Point Lookout: a free weekly publication of Chaco Canyon Consulting
Volume 3, Issue 46;   November 12, 2003: Time Management in a Hurry

Time Management in a Hurry

by

Last updated: August 8, 2018

Many of us own books on time management. Here are five tips on time management for those of us who don't have time to read the time management books we've already bought.

Traffic had been crawling along, stop-and-go, but now it was more like stop-and-stay-stopped. Drumming his fingers on the steering wheel, Alan looked at the clock: seven minutes until the next traffic report. The problem was most likely the underpass at 217, flooded again. If so, home was far off in Alan's future. Problem was, he was about to pass the Mall exit, and so he had to make a decision now.

A time ManagerThen Alan had an idea. "The Mall exit won't get me home," he thought, "but I can sit out this traffic in one of the mall's three bookstores. Maybe even pick up that book on time management that's been on my to-do list for months."

Have you been meaning to buy a book about time management? Or perhaps you've bought one but haven't read it. How many of us have time management books that we don't have time to read?

If this problem is familiar, read on — the next few minutes might just change your life.

If you've been meaning
to read a book on
time management,
but you can't
find the time,
read this
Work in bigger chunks
Every time you're interrupted, or you change from one task to another, you need 10 or 15 minutes to get back into flow. Limit interruptions. Turn off your automatic email checker, and use caller ID to decide whether to answer the phone. Ask yourself whether you're using email and telephone to avoid or postpone the difficult parts of the task you're doing. See "Recovering Time: I," Point Lookout for February 23, 2005, for more.
Schedule it
Adding something to your "To Do" list doesn't get the job done. Instead of listing it, schedule it. If the task is too big and amorphous to do in one chunk, or even to estimate, schedule the first doable chunk, and then schedule some time to estimate and schedule the rest. Review the schedule regularly, just as if it were a project, because it is.
When you think of it, capture it
Don't let ideas or remembered must-dos escape. Capture them in writing. Set aside time each day to deal with what you've captured — either to schedule it or to reject it.
Be selective about reading
If you feel the need to read a time management book, go ahead, but make three promises to yourself. First, schedule time to read the book. Second, remember that it's difficult to incorporate into your life more than a few big ideas from any book you read cover-to-cover. Finally, answer this question: "Is reading the entire book really worth it?"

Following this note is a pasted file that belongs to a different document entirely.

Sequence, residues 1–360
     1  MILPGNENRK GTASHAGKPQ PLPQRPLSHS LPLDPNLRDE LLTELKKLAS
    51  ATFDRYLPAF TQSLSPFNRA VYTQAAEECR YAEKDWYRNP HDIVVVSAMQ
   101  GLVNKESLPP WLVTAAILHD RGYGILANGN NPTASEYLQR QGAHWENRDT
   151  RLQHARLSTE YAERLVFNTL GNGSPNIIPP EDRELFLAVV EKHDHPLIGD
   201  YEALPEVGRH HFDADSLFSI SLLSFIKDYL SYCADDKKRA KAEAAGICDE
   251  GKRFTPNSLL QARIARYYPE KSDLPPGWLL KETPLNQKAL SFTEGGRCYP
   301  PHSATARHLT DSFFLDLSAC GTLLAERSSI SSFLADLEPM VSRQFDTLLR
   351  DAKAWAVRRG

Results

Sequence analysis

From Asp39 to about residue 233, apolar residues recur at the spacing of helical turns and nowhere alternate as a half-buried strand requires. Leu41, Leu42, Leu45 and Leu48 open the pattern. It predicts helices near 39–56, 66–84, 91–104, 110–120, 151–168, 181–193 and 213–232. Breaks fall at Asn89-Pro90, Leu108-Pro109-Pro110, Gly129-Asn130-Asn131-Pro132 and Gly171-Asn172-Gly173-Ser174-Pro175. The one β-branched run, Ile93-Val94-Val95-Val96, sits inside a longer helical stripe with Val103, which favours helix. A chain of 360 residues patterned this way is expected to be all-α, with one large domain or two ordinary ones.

Feel progress
As you transform how you work, some changes might be very gradual, and you might not notice them. Rather than measuring progress, focus on your new feeling of order. Notice how you have time for long-forgotten pleasures.

Set realistic expectations. Time management won't make an unreasonable workload reasonable. And it will never help with traffic jams. Go to top Top  Next issue: Encourage Truth Telling  Next Issue

Rick BrennerThe article you've been reading is an archived issue of Point Lookout, my weekly newsletter. I've been publishing it since January, 2001, free to all subscribers, over the Web, and via RSS. You can help keep it free by donating either as an individual or as an organization. You'll receive in return my sincere thanks — and the comfort of knowing that you've helped to propagate insights and perspectives that can help make our workplaces a little more human-friendly. More

Your comments are welcome

Would you like to see your comments posted here? rbrenmhXARWRMUvVyOdHlner@ChacxgDmtwOKrxnripPCoCanyon.comSend me your comments by email, or by Web form.

About Point Lookout

Thank you for reading this article. I hope you enjoyed it and found it useful, and that you'll consider recommending it to a friend.

Point Lookout is a free weekly email newsletter. Browse the archive of past issues. Subscribe for free.

Support Point Lookout by joining the Friends of Point Lookout, as an individual or as an organization.

Do you face a complex interpersonal situation? Send it in, anonymously if you like, and I'll give you my two cents.

Related articles

More articles on Personal, Team, and Organizational Effectiveness:

A Rough-Legged Hawk surveys its domainTake Any Seat: II
In meetings, where you sit in the room influences your effectiveness, both in the formal part of the meeting and in the milling-abouts that occur around breaks. You can take any seat, but if you make your choice strategically, you can better maintain your autonomy and power.
The Johari WindowAssumptions and the Johari Window: I